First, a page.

* Delivery cast is from the Key position to the Stop.
 

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Coast2coast Flyfishaholic
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Only two casts?

Well technically yes, in fact it's important to point out to students so that all casts use the same forward cast as a finishing component to make it easier to sort out all the hoopla...

BUT... it's kind of like saying a panhead slotted screw is the same as a bevel head phillips - they each serve a distinct purpose, and their classification is important to teach as it is in practice on the water just as the engineer specifies a certain screw for attaching sheet metal panels and a different one for mounting the hinges. They all have threads that bind the material in a clockwise fashion but the distinction is that they have different heads on them.

IMHO it's interesting and uniform to think of spey casting as one common finishing stroke and a bunch of setup moves but for the purposes of fishing and instruction the names we have given to casts today mean everything.

Keep 'em the way they are.

.02
 

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The name of the game is control the rod tip. The direction, speed and change of speed (not stop) of the rod tip is in essences what controls the line during the set-up phase of the spey type cast. The presentation cast being the same throughout all named casts, then the set-up cast requires the caster to apply a FEEL for the amount of effort to control the rod tip so the line can anchor correctly . Yes, we call these moves the DS, SS, Snap-t etc.... So what this discussion is, is the defination of set-up moves. After the set-up we deliver the weapon of fly destruction. Juro you are right about the importance of naming the set-up so students and fellow casters have a mental picture of the cast. But on the river fishing, all set-up casts should come instinctively and maybe just performed without a mentally NAMED cast. All except the famed OOZLUM SPEY cast. That cast requires much thought before attemping in public view and without a hook at the working end.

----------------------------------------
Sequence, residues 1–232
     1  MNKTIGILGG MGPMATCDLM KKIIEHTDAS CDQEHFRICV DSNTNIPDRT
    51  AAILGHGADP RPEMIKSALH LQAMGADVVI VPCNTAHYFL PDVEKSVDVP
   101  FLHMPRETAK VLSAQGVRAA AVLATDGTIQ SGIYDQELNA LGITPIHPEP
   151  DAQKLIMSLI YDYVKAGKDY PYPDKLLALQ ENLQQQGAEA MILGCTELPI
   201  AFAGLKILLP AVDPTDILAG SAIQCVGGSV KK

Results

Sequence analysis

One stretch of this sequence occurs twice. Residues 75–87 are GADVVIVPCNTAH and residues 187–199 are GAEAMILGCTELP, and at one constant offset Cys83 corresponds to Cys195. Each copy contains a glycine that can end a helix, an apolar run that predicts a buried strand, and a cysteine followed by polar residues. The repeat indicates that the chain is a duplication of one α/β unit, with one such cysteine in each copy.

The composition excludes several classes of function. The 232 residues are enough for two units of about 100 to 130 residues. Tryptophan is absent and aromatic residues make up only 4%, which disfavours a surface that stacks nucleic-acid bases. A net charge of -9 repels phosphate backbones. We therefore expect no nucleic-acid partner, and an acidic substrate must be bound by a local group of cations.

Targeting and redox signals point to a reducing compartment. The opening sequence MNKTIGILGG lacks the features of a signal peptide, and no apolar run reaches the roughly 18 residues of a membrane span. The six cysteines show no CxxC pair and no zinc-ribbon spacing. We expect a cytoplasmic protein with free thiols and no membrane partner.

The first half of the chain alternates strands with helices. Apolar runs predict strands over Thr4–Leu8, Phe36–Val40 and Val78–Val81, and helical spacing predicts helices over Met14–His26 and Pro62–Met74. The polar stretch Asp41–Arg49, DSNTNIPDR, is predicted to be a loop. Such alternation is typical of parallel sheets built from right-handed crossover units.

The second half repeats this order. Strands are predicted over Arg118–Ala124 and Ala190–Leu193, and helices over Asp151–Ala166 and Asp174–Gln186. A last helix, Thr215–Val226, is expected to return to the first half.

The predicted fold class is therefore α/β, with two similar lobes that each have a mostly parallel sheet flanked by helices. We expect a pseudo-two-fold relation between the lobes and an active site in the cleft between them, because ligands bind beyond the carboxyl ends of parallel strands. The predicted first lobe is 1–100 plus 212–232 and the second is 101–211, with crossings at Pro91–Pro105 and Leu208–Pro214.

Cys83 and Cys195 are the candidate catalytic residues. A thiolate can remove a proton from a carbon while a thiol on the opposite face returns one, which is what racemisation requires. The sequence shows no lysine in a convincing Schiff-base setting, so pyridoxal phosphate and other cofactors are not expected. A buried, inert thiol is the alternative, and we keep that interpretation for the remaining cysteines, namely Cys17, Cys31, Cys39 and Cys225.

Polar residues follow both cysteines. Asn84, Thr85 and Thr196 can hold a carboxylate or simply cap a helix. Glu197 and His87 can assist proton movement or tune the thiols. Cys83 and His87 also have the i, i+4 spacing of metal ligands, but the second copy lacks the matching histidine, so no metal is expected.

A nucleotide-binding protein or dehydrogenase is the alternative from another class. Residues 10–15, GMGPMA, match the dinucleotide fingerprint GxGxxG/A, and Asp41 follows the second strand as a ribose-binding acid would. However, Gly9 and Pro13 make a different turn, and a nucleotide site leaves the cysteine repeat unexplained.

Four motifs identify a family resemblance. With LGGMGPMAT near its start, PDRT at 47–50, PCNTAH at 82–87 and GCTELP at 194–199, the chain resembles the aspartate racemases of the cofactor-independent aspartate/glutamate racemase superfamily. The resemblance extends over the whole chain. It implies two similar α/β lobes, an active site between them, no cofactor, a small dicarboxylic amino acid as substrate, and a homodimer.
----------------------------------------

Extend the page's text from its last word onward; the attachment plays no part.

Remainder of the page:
I quess what I'm trying to say is: Name the various set-up casts in simple terms so everybodys is on the same page. We are maybe making to much out of variations like spiral vs. snake. Berlin said it best--they are the same just initiated differently, a sky lift or a bank pull first.
My vote goes for the following: Double spey, Single spey, Switch, Snake Roll, Snap-t, Snap-Z, Chip, Poke(Perry Poke with variations) and Overhead (dominate and non-dominate hand on top) Oh yes, the famed OOZLUM SPEY delivery. Each basic cast may have a slight to large variation depending upon current flow, wind direction, obstructions, wading conditions and/or casters abilities, fatique and physical characteristics. Each variation will be up to the individual according to their screnio. My half of .02 worth, Klem
 

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Spiral roll snale roll are the exact same thing the list is only required when picking a longer line.. thats it and their ain't no more
 

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Klem, Simon, Peter

Klem, Thanks for posting this: